Discovery 1.1 - Sizing Up Planet Earth

Posted by Andri Fadillah Martin on Wednesday, February 8, 2012

Sizing Up Planet Earth

In about 200 B.C. a Greek philosopher named Eratosthenes (276–194 B.C.) used simple geometric reasoning to calculate the size of our planet. He knew that at noon on the first day of summer, observers in the city of Syene (now called Aswan), in Egypt, saw the Sun pass directly overhead. This was evident from the fact that vertical objects cast no shadows and sunlight reached to the very bottoms of deep wells, as shown in the insets in the accompanying figure. However, at noon of the same day in Alexandria, a city 5000 stadia to the north, the Sun was seen to be displaced slightly from the vertical. (The stadium was a Greek unit of length, roughly equal to 0.16 km—the modern town of Aswan lies about 780 km south of Alexandria.) Using the simple technique of measuring the length of the shadow of a vertical stick and applying elementary trigonometry, Eratosthenes determined the angular displacement of the Sun from the vertical at Alexandria to be 7.2°.

What could have caused this discrepancy between the two measurements? It was not the result of measurement error—the same results were obtained every time the observations were repeated. Instead, as illustrated in the figure, the explanation is simply that Earth’s surface is not flat, it is curved. Our planet is a sphere. Eratosthenes was not the first person to realize that Earth is spherical—the philosopher Aristotle had done that over 100 years earlier (see Discovery 2-2)—but he was apparently the first to build on this knowledge, combining geometry with direct measurement to infer the size of our planet. Here's how he did it:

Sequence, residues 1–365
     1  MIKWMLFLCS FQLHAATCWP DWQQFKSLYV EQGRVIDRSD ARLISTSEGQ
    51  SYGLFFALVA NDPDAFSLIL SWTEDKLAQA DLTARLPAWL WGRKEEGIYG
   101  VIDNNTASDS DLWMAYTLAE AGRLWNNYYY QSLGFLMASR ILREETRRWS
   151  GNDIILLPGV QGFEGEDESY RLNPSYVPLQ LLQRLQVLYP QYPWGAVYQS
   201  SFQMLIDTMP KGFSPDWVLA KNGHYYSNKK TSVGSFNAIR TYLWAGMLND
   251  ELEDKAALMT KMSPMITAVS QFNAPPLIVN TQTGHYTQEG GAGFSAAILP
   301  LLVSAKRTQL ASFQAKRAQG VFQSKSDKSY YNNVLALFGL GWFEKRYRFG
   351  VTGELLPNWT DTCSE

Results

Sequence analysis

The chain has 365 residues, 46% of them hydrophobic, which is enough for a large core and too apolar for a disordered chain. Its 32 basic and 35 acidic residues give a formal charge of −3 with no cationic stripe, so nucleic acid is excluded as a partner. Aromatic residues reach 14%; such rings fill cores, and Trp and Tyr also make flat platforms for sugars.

Rays of light reaching Earth from a very distant object, such as the Sun, travel almost parallel to one another. Consequently, as shown in the figure, the angle measured at Alexandria between the Sun’s rays and the vertical (that is, the line joining Alexandria to the center of Earth) is equal to the angle between Syene and Alexandria, as seen from Earth’s center. (For the sake of clarity, this angle has been exaggerated in the drawing.) As discussed in More Precisely 1-3, the size of this angle in turn is proportional to the fraction of Earth’s circumference that lies between Syene and Alexandria:

Earth’s circumference is therefore 50 x 5000, or 250,000 stadia, or about 40,000 km. Earth’s radius is therefore 250,000/2π stadia, or 6366 km. The correct values for Earth’s circumference and radius, now measured accurately by orbiting spacecraft, are 40,070 km and 6378 km, respectively.

Eratosthenes’ reasoning was a remarkable accomplishment. More than 20 centuries ago, he estimated the circumference of Earth to within one percent accuracy, using only simple geometry. A person making measurements on only a small portion of Earth’s surface was able to compute the size of the entire planet on the basis of observation and pure logic—an early triumph of scientific reasoning.

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